As is standard practice in the communist country, the price of 24 essential goods was artificially lowered recently to protect the spending power of ordinary citizens – long reeling from the dire economic situation.
But now state-run radio has unexpectedly declared that Cuba's supplies of toilet paper will run out before the end of the year, with levels of demand "presenting problems" and cashflow issues prohibiting new imports.
Cuba's economy has been decimated by years of crippling US embargos and hopeless fiscal policies by former President Fidel Castro.
Three hurricanes which struck last year - causing $10 billion (£6 billion) of damage - only worsened the situation, leaving the communist country heavily reliant on imports and incapable of producing adequate supplies at home.
But that economic climate took an unexpected turn last week when the country's state-run news agency announced a shortage of bog roll.
"The corporation has taken all the steps so that at the end of the year there will be an important importation of toilet paper," state-run conglomerate Cimex said, after admitting that Cuba lacked its own raw materials.
The country has been subject to strict commercial, economic and financial embargos since 1962. American President Barack Obama had initially voiced a desire to "recast" strained relations with the island, but six months into office few diplomatic voices on either side have voiced any optimism.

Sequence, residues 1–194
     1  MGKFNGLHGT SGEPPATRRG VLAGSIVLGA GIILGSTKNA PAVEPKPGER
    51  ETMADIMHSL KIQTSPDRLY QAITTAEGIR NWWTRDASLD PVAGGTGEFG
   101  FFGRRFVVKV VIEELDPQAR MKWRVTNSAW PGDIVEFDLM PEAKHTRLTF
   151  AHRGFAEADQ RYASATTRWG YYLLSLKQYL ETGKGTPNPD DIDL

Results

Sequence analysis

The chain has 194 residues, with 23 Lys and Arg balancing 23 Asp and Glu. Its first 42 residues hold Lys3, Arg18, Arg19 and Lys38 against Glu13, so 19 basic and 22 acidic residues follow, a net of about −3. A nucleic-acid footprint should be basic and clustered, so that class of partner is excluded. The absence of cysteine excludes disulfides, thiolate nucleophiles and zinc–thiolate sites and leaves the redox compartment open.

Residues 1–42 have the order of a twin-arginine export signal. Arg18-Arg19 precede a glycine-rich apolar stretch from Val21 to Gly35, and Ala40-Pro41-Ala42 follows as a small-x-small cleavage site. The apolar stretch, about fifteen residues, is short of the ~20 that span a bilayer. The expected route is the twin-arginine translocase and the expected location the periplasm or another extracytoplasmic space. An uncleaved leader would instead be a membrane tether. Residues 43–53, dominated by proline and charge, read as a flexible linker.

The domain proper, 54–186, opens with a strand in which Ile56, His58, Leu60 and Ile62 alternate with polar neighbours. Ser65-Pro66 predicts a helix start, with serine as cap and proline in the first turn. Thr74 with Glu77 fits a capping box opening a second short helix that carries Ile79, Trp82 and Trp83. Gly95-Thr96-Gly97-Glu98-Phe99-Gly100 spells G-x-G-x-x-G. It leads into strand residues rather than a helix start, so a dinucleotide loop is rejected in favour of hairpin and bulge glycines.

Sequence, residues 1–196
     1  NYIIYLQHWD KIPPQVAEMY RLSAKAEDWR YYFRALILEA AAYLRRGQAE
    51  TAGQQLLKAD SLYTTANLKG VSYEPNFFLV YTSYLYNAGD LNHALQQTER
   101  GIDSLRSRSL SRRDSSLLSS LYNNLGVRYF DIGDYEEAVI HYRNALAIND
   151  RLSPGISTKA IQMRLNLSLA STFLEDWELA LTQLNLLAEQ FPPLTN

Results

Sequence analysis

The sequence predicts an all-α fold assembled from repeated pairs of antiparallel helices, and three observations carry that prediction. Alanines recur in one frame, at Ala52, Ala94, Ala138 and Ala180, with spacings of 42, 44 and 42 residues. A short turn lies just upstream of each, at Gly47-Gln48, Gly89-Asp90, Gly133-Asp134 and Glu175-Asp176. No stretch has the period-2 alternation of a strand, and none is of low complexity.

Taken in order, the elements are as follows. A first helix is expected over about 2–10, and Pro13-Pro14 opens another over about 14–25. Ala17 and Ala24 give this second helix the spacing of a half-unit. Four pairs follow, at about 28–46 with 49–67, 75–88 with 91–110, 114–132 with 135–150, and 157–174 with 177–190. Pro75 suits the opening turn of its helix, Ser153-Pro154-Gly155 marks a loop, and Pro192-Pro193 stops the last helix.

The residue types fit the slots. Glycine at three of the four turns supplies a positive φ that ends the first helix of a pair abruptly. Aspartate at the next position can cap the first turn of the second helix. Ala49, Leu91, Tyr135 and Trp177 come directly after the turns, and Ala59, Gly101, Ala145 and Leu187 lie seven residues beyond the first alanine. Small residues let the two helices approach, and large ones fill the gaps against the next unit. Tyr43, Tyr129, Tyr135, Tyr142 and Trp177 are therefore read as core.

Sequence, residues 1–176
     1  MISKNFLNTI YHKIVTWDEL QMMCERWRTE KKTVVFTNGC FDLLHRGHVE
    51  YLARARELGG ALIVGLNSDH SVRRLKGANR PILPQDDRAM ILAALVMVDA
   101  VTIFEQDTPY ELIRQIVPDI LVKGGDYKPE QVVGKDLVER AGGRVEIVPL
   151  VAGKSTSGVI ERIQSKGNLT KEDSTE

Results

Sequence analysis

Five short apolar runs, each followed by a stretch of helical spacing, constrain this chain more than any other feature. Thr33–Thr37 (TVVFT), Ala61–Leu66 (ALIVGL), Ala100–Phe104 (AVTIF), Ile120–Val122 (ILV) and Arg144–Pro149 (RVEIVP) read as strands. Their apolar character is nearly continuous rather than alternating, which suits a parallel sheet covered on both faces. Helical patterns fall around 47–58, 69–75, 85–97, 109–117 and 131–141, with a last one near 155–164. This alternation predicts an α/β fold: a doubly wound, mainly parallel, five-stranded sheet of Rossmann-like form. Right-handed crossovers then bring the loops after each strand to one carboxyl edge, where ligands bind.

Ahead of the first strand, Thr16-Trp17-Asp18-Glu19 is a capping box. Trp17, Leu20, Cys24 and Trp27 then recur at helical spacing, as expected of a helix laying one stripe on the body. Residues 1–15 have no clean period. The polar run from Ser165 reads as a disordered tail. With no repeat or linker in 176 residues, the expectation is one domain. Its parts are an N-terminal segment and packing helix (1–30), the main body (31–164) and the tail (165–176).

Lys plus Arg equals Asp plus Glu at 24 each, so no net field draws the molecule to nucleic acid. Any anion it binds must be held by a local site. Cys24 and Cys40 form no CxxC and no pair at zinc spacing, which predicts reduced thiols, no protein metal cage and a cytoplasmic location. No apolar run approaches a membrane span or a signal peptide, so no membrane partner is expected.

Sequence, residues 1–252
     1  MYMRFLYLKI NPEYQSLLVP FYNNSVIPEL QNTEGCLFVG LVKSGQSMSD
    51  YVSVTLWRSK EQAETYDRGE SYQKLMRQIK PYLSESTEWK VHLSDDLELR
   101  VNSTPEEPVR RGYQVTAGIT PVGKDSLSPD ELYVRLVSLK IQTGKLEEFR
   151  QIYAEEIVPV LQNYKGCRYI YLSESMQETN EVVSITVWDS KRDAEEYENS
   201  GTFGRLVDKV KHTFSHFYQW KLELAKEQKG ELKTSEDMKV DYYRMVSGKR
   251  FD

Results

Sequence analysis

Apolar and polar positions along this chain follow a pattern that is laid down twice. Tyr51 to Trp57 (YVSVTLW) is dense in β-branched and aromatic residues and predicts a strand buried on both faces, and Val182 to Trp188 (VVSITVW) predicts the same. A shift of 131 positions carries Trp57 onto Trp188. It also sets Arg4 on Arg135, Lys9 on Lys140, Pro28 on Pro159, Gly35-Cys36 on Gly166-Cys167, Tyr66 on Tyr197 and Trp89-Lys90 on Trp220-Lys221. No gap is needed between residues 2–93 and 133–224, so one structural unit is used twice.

President Raul Castro, brother of the iconic former leader, cited a fine imposed on a Dutch company by Obama's administration as an example.
The US Office of Foreign Assets Control last month fined Philips Electronics of North America Corporation (PENAC), a subsidiary of the parent Dutch company, when a single employee visited the Communist country for business.
Aside from lifting travel restrictions on Cuban Americans, President Obama has done little to alleviate the decades-old stalemate. "The change announced by Barack Obama does not have much to do with the US-Cuba ties," Havana's state-run Granma newspaper snidely remarked last Friday.
President Castro seems equally pessimistic about the new US administration, warning citizens that despite any goodwill: "We have been forced to renegotiate debts, payments and other commitments with foreign companies."
Barring a change in relations, it appears those financial concerns will have to take precedence over the more basic needs of Cuba's "classless utopia".